For some reason I read incontinence rather than inconvenience..where you would need to be in incontinent I guess :0)))
Dog & Duck
18 Bateman Street, Soho, London W1D 3AJ
- Tottenham Court Road Tube Station (0.3 km)
- Leicester Square Tube Station (0.4 km)
- Contact us:
020 7494 0697
- Opening hours:
222 South Ealing Road, London W5 4RL
“Welcome to The Ealing Park Tavern, hidden away in the South Ealing suburbs. The wood, brick and whitewash exterior, reminiscent of something from a Harry Potter movie, holds many a tale and now we are looking to put our own stamp in the gastro pub...” more...
11 reviews of Dog & Duck in English
Reviewed using Blackberry. Get the app
A lovely olde Nicholsons pub with a decent selection of beers.
My only minor criticism might be regarding the lack of variety of styles (mostly if not all dark beers). It didn’t bother me one jot as I supped a delicious cherry porter!
There were some unusual beers in the fridge too, almost alcopopesque in appearance. Hadn’t seen them before so had to have a taste. Was very easy drinking but not enough flavour to tempt me again.
A great little pub, but it really is little. It gets very busy, which means drinking outside (weather permitting) or squeezing in amongst the one too many tables. Still great though.
Reviewed using iPhone. Get the app
Nice boozer in Soho, tiny inside, so a good atmosphere at any time of day. A nice selection of sausages to choose from if you want some stodge.
Good to stand outside in the summer, the staff are either very quiet or a little too keen, but they have Staropramen on tap, so how bad can it be?
Standard Westend boozer with actually rather cheep ale. It is pretty tiny though, so the pub is great for one of those “let’s drink outside moments” but perhaps not so great when the weather isn’t upto it. An area I tend to stay clear of, but this venue won’t offend so I’ll probably go back to it.
This is a charming little pub in the heart of Soho, but it can get packed to overflowing of an evening. They used to have a real fire downstairs, but last time I tried to pass through the downstairs bar it was so rammed I don’t know if it’s still there.
For a more relaxed atmosphere (and room to breathe), try the bar upstairs – it’s really cosy if you can get a seat. Windows overlook the street below and you quite often get into conversation with the people on the other tables (they’re that close!). The wine is quite good too, unusually for a pub, and they do a nice Valparaiso chilean cabernet sauvignon.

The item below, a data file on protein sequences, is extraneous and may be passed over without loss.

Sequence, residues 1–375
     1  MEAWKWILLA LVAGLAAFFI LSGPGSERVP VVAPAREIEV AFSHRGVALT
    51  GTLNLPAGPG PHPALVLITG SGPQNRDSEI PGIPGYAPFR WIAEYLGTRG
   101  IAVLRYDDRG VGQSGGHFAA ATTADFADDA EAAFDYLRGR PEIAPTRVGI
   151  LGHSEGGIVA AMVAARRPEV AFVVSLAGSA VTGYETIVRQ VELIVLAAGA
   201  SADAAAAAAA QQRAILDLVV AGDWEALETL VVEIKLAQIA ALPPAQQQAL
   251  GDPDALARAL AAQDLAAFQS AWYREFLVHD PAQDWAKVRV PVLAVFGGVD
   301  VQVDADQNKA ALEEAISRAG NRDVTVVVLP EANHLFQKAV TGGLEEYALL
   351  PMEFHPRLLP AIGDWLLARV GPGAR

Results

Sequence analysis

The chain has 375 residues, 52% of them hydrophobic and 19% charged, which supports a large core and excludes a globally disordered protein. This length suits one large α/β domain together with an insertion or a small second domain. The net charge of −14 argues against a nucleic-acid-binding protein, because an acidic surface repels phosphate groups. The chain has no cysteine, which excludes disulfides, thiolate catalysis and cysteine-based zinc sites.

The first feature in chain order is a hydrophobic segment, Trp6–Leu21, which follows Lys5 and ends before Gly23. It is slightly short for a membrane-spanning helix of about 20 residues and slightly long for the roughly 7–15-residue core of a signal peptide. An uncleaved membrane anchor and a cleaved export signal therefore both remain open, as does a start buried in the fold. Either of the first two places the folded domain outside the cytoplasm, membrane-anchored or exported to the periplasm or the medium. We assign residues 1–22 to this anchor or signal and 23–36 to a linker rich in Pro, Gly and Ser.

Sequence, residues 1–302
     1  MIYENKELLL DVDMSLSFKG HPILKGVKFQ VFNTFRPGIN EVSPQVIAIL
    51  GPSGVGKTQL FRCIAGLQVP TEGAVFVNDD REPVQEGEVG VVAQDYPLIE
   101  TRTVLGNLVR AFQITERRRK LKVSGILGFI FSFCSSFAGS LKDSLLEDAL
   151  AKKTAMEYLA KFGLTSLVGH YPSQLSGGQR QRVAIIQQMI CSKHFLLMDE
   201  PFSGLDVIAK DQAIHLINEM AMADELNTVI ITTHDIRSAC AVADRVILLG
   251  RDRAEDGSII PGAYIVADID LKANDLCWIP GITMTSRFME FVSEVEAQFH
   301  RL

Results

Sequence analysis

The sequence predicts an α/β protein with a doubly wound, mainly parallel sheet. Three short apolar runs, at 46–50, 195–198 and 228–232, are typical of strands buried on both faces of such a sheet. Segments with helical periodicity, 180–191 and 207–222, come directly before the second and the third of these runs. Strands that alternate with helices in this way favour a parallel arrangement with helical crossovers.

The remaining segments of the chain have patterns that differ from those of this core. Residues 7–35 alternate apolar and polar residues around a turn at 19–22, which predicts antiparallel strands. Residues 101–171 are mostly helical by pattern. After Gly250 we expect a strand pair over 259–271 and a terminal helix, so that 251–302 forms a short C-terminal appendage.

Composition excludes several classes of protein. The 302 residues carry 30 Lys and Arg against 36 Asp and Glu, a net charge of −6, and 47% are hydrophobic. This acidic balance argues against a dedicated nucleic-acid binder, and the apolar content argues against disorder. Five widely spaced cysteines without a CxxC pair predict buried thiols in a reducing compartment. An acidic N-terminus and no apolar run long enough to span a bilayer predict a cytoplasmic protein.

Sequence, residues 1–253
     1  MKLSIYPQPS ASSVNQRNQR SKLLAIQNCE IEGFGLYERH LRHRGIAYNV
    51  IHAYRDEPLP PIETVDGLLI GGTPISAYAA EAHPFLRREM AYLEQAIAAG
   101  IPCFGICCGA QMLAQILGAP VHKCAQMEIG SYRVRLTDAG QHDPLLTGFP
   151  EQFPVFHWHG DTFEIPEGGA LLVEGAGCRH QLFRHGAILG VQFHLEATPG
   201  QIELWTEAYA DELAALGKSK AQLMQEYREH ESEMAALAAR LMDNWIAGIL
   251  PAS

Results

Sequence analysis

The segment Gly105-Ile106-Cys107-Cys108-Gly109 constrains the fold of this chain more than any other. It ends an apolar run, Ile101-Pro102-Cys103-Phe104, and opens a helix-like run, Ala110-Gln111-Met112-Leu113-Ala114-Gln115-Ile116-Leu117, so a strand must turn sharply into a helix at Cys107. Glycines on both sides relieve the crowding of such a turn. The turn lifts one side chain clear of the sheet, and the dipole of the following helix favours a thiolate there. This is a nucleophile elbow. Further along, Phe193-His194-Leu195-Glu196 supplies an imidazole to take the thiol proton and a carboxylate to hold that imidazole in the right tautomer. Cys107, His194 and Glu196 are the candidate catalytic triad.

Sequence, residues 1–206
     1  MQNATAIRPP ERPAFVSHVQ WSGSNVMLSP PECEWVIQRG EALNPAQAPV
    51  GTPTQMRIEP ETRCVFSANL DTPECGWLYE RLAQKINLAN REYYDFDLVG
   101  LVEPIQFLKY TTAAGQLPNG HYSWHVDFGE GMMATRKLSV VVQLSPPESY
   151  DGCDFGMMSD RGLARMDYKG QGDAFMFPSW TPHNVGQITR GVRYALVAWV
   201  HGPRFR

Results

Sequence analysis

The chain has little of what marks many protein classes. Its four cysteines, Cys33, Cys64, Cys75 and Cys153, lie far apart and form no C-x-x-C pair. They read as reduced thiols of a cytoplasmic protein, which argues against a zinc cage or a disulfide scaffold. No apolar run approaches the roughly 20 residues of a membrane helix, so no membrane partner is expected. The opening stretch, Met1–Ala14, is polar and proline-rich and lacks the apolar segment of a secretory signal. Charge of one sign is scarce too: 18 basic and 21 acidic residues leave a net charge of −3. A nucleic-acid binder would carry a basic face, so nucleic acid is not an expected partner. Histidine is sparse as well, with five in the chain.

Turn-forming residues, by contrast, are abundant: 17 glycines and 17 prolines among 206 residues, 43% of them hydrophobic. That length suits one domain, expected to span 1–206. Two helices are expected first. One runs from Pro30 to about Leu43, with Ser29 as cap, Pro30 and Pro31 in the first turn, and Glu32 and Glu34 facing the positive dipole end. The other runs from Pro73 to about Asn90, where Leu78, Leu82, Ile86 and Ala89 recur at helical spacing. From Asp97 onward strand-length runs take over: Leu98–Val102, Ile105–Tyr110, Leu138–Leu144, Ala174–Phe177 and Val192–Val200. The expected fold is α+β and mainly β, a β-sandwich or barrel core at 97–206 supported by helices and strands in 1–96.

If I’m meeting someone in Soho, this is definitely where I’d choose. But probably best for a one-on-one, as it would be difficult for a group to all get seats. Although, apparently, you can hire out the upstairs bar for private functions. Something I might consider in future.
A lovely old pub that was a favourite of Orwell and continues to attract a mixed crowd now. It’s beautifully decorated and a good size.
The only small quibble is the awkwardness involved in reaching the downstairs loos. In addition to the inconvenience of having to squeeze between other tables to reach the stairs the walk down can be just that little bit perilous.
Well worth a visit though. It’s definitely one of Soho’s gems.
Comment 1 comment on this review
Templar, 28 November 2008:
The pub’s name recalls the rather cruel sport of duck hunting, which had been popular when this was a far more rural area.
The Dog and Duck pub was built in 1718 and so little changed since the 19th century that the Victorian Society have applauded it as a rare if not unique survival of a small Victorian town pub. It’s now a Grade II listed building.
The front bar is tiled to dado level with plain and ornamental tiles, some depicting a dog holding a duck in its mouth. Above this, large mirrors in mahogany frames, advertise mineral water and cigarettes. These are separated by columns of decorative tiles.
Author George Orwell came to the Dog and Dick to celebrate the fact that the American Book-of-the-Month Club had selected his latest novel Animal Farm.In fact pop upstairs to the George Orwell room (he used to drink here). One of the better places in Soho for a pint.
This tiny pub in Soho is a gem. Built in 1897 on the site of an 18th century pub of the same name, from the outside it looks like your average, traditional corner pub.
The interior, however, is an amazing survivor, with elaborate tiling and mosaics, and large mirrors. No wonder it is a Grade II listed building. As well as the ground floor bar, there's a small upstairs bar, named after George Orwell, who apparently drank here at one time.
Owned by Nicholson's, the excellent beer selection included London Pride, Timothy Taylor Landlord, Adnam's Broadside and Harvey's Sussex Bitter. Another nice facet of Nicholson's is the 'try before you buy' option, offering a taster. OK, nothing unusual there, but a good choice all the same. Food is also served, though I've not eaten here.
The staff were very friendly and helpful, and the clientele very mixed: gruff locals, students and assorted Soho media types. There are two downers: the downstairs is so small, not to say cramped at the rear, that you do find yourself tripping over coats and bags: and the Gentlemen's toilet. This is in the basement, and as you descend, there's a notice saying: 'Steep and Slippery Stairs'. They're not kidding. It's like the North Face of the Eiger. Definitely a challenge after a pint or three.
Overall, a nice little pub, especially if you can visit when it's a bit quieter.
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